Who's in the band these days?
I'm going to make a t-shirt that says "I was in Hallows Eve and all I got was this lousy t-shirt".
Right NOW, is me, Skully (a.k.a. Skullator, guitars and death vocals) , Brandon Ottinger (guitars and occasional piano) and maybe Dane Jensen (drums).

Is anyone of you involved in other projects at the moment or are there plans in that direction?
No, every minute of our time is dedicated to the work of Hallows Eve.

After the reformation, the band released the 'Evil Offerings' single and the fourth album, 'Evil Never Dies' (on May 14th 2005). I didn't have the chance to listen to these cd's yet, so how would you describe the music from 'E.N.D.' if you were the one writing the review?
Diverse. Not what you expect. We did not stay in the eighties, we moved on to explore new paths while maintaining our specific band's style. I think diverse and brave are keywords here.

Could you be more specific about that?
Mainly the new album shows the diversity of the band which divides metal heads. With a diverse band whose never had the same line-up on any album, two things emerge: one is which member actually is the heart of the group, the staying one, of course. The other emerging fact is about diversity, people like an era of a band. With Motörhead, for instance, the next album sounds pretty much the same. It's a good trick, but it's one trick. You can count on them to sound the same, but isn't that often the criticism of a band. That they don't know how to move on, they're stuck in the old days. Not Hallows Eve, the epic song 'Hallows Eve' had very little to do with the punkish song 'Suicide'. It is my opinion that the truly biggest bands of all time experienced a journey through diversity. Bands such as Black Sabbath, Queen, Pink Floyd. That's what we do in metal, we mix all genres of metal so you will find all that within our band. People ask us often why we don't sound like this album or that year. I just say it was great back then, should have been there, we moved on because what's next is exciting, too.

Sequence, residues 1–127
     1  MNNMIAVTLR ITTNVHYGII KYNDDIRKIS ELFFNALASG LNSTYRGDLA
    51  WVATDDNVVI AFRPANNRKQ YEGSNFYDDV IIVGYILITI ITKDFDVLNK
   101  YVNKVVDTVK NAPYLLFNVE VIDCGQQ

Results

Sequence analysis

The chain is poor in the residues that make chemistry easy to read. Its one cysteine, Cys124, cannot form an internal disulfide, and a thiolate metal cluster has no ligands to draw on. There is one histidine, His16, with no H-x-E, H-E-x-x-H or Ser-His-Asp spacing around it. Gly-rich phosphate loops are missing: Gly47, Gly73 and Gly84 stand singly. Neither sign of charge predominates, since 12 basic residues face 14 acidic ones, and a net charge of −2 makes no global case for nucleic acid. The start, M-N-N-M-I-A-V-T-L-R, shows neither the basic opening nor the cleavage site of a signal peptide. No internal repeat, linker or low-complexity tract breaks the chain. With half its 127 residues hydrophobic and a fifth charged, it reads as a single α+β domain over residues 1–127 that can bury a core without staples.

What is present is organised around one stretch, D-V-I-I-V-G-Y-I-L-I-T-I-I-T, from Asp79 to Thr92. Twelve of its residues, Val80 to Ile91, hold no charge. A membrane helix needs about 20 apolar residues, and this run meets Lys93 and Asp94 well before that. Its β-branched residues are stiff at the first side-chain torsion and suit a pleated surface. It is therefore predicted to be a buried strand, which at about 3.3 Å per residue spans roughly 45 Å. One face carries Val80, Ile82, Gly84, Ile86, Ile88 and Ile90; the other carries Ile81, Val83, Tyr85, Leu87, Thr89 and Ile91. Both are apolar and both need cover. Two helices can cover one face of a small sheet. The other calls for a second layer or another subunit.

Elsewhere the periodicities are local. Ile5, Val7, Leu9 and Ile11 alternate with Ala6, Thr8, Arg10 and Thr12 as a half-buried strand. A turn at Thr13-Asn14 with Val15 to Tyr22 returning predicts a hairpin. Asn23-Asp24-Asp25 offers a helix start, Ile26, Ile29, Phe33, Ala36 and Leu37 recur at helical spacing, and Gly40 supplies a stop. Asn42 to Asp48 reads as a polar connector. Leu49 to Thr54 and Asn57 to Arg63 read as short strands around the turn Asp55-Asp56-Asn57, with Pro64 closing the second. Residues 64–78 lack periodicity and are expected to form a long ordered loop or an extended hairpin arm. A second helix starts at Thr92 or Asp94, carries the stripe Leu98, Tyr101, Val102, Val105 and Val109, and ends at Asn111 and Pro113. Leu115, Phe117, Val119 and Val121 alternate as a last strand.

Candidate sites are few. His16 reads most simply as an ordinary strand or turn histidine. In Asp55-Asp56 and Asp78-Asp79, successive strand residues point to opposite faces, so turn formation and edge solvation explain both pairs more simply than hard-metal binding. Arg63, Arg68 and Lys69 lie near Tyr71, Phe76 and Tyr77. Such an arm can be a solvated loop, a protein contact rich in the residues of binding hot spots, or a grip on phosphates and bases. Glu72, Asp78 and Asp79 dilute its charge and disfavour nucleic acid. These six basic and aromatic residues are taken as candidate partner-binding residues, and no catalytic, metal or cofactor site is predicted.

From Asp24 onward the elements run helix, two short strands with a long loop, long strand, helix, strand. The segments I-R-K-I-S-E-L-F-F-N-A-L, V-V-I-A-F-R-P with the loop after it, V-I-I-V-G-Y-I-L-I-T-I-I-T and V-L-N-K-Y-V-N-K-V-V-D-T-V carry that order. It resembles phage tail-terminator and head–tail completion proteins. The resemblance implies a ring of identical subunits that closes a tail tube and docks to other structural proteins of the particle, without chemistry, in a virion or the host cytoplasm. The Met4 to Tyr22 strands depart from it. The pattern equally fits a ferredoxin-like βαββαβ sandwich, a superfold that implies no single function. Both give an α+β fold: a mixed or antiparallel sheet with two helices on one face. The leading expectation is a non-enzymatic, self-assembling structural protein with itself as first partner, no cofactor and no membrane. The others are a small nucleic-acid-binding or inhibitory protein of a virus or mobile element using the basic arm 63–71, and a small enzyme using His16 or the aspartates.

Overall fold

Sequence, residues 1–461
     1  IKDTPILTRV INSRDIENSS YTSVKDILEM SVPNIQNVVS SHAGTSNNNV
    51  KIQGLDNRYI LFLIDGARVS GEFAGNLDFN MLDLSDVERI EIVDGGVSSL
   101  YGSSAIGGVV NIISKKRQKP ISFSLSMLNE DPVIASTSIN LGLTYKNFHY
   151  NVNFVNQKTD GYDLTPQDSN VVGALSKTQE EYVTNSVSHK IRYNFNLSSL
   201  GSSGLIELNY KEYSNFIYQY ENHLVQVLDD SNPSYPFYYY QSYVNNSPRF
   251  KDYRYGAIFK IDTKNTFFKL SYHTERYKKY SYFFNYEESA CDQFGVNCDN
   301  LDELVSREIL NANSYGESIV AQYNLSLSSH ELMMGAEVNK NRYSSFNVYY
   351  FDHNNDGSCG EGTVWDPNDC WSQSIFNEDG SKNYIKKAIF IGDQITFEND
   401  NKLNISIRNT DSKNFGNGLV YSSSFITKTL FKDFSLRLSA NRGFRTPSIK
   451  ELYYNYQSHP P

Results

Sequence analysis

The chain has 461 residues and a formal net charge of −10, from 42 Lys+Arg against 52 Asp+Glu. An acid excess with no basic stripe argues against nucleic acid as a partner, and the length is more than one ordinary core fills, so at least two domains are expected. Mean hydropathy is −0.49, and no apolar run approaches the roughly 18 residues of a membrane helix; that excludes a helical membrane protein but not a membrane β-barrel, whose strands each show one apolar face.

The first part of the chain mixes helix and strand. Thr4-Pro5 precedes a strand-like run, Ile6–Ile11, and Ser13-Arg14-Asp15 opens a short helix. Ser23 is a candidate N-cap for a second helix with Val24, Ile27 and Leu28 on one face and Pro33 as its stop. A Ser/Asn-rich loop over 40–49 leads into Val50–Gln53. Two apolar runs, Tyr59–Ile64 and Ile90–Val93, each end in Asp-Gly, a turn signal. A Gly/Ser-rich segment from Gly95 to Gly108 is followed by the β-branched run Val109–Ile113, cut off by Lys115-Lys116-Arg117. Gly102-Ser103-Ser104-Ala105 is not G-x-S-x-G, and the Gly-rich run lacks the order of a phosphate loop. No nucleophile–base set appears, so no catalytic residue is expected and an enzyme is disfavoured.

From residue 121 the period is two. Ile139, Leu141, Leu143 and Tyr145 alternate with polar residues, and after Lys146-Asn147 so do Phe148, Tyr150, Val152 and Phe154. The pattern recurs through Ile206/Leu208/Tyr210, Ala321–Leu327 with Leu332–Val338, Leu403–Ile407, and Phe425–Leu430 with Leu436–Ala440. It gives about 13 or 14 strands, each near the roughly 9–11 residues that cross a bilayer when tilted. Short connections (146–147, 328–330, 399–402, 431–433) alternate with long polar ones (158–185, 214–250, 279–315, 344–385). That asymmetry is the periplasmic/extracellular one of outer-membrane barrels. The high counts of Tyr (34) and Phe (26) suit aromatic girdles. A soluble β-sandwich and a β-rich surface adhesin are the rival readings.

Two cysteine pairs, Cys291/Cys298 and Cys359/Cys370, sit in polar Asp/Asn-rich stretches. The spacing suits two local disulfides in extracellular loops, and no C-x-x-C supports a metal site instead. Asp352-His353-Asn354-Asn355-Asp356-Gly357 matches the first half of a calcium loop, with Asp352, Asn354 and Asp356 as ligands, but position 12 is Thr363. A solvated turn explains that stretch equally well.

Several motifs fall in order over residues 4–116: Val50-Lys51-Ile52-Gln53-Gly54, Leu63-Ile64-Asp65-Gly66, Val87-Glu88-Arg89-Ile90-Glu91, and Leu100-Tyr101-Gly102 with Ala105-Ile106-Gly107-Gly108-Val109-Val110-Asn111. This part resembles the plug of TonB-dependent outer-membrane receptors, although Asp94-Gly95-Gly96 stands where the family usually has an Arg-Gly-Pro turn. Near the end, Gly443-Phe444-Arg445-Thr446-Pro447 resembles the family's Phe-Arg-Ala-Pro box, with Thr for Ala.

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The 'Evil Offerings' single is somewhat of an collector's item I understand?
'Evil Offerings' is definitely limited. Only 249 copies were made so I wish they were numbered. It is an earlier raw mix of two songs from 'Evil Never Dies'. One of the songs, 'Technicolour Roadkill', is actually an old song that was recorded but never made it during the 'Death And Insanity' sessions. Those days the song was called 'Evil Offerings'. Full circle, eh? Some people say that song is not like the old Hallows Eve, not like 'Death And Insanity' days and the band laughs at that, knowing the in-joke is that it is from that very album.